US & Canada

Alek Minassian Toronto van attack suspect praised 'incel' killer

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Media caption"I have a gun in my pocket" – the moment Alek Minassian was arrested.

A van driver accused of killing 10 people in Toronto posted to Facebook minutes before the attack to praise a woman-hating mass shooter.

Alek Minassian - charged on Tuesday with 10 counts of murder and 13 counts of attempted murder - also referred to the misogynistic "incel" Reddit group.

Police say the 25-year-old intentionally drove a rental van into pedestrians on a busy pavement.

The suspect was arrested several streets away after a tense standoff with police.

The 10 dead and 14 wounded are "predominantly" women, ranging in age from their 20s to their 80s, police say.

Canadian Prime Minister Justin Trudeau said it was a "senseless attack and a horrific tragedy".

What was the 'incel' group?

The suspect's Facebook post, which the social network has confirmed as real, praised Elliott Rodger, a 22-year-old from California who killed six people in a 2014 shooting rampage through Isla Vista, California, before turning the gun on himself.

It read: "The Incel Rebellion has already begun! We will overthrow all the Chads and Stacys! All hail the Supreme Gentleman Elliot Rodger!"

The term "incel" refers to a now-banned group on the message site Reddit, used by Rodger, where young men discussed their lack of sexual activity, blaming women for the problem.

"Chads and Stacys" refers to attractive men and women who are perceived as better than or unavailable to "incels", which is short for "involuntary celibate".

How did the suspect appear in court?

He was brought to court on Tuesday to hear the charges against him.

His head shaved and wearing a white jumpsuit, he held his hands behind his back, showing little emotion throughout.

He will remain in custody and return to court on 10 May for a bail hearing. He was ordered to make no contact with surviving victims.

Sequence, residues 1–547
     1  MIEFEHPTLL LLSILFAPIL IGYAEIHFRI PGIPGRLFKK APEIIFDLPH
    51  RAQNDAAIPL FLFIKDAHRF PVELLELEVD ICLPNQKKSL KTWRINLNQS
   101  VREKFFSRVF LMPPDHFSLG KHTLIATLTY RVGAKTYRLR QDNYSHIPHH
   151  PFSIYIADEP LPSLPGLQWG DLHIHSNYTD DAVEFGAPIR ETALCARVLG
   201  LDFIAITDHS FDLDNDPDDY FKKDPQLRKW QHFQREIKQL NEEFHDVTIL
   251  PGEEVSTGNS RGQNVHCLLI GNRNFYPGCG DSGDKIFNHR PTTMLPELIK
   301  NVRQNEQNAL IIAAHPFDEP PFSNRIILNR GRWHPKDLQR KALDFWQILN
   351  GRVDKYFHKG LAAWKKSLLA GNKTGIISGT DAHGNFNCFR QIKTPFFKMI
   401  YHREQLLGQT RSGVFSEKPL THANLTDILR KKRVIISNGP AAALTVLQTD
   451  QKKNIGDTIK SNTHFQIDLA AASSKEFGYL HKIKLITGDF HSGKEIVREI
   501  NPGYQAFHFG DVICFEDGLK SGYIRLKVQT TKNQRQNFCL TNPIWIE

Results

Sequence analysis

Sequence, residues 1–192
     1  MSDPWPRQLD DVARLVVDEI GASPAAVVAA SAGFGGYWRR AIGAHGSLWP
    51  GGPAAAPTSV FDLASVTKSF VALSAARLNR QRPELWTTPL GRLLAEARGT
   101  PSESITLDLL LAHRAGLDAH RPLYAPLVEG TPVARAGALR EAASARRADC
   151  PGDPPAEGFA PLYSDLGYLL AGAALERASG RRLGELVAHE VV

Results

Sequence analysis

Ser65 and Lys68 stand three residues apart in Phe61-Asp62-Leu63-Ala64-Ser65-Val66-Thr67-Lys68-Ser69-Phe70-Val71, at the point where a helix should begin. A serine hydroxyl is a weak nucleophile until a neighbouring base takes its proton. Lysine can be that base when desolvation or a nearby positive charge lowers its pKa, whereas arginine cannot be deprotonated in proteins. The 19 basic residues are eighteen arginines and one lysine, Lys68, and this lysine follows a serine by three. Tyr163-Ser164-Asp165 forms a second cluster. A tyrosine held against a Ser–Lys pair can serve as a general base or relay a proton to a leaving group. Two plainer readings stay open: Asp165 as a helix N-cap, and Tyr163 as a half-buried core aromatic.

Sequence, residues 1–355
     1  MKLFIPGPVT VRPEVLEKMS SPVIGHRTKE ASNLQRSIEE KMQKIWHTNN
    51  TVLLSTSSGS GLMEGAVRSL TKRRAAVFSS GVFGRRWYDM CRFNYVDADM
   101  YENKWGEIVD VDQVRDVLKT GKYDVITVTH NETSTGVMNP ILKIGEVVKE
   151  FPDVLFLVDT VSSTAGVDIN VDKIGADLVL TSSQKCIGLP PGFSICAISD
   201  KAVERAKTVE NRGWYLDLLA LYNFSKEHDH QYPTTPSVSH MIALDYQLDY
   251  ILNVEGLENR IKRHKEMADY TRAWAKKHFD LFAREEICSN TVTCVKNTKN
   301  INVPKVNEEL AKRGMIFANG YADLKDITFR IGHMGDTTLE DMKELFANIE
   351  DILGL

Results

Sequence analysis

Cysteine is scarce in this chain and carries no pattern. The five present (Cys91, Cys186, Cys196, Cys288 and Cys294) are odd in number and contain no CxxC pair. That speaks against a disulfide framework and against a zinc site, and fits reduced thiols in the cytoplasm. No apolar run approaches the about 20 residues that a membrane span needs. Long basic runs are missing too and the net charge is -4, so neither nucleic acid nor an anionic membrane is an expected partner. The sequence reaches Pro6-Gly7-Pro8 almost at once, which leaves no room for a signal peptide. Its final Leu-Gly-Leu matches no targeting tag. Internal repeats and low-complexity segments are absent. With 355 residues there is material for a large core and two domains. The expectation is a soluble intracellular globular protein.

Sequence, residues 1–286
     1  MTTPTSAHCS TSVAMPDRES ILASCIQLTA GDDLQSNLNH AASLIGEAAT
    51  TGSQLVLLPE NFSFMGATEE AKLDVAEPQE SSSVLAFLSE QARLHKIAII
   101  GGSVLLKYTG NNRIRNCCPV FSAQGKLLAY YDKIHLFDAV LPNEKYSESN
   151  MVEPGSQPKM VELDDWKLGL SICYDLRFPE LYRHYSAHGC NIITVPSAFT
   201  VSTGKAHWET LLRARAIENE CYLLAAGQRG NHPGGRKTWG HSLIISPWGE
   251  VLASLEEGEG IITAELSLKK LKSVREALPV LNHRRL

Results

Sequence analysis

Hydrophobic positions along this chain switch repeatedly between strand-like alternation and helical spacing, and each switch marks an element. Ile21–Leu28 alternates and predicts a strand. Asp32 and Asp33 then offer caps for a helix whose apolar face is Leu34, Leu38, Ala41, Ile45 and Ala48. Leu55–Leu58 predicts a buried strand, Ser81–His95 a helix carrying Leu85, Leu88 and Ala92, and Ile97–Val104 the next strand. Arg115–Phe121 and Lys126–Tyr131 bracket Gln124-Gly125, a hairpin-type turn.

A man believed to be his relative sat in the front row of the courtroom and wept. Asked by reporters if he had anything to say, the man replied, "Sorry".

Yonge Street, where the attack took place, remained closed on Tuesday as police continued their investigation.

Who were the victims?

While the authorities have not yet formally identified any of the dead, three have been named in the media.

Image copyright Facebook
Image caption Anne Marie D'Amico was "full of life", her colleague said

Anne-Marie D'Amico worked for the US investment company Invesco, Canadian broadcaster CBC reports. The company's Canadian headquarters are on Yonge Street.

The Jordanian embassy in Ottawa has told the BBC that one of its citizens was among the victims. Jordanian media named him as Munir Abdo Habib al-Najjar. He was reportedly in Canada to visit his son.

Toronto resident Dorothy Sewell, 80, has also been named by relatives as one of the victims.

Image copyright Elwood Delaney
Image caption Dorothy Sewell was a fan of the Toronto Blue Jays baseball team

Her grandson, Elwood Delaney, said she was the "best grandma anyone could have asked for".

The South Korean embassy in Canada confirmed to the BBC that two of its citizens were among the dead and another was critically ill. Their names have not been disclosed.

The 15 injured remain in hospitals throughout Toronto.

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Media captionPeople gathered to remember the victims of the attack

What else do we know about Minassian?

From the northern Toronto suburb of Richmond Hill, he was not previously known to the authorities.

There "would appear to be no national security connections", public safety minister Ralph Goodale said.

He attended a school for students with special needs in north Toronto, former classmates say.

Image copyright LinkedIn

He would be seen walking around Thornlea Secondary School with his head down and hands clasped tightly together making meowing noises, Shereen Chami told Reuters news agency.

But she added that he had not been violent: "He wasn't a social person, but from what I remember he was absolutely harmless."

He went on to attend Seneca College in the North York area of Toronto, where the van incident took place, CBC reports.

The Canadian Armed Forces (CAF) has also confirmed he was a member for two months in late 2017 before asking to be voluntarily released.

Image copyright Instagram/vodkawaterpapi
Image caption The suspect confronted a police officer and claimed to have a gun
Image copyright EPA
Image caption Flowers and messages are left near a small park on Yonge Street

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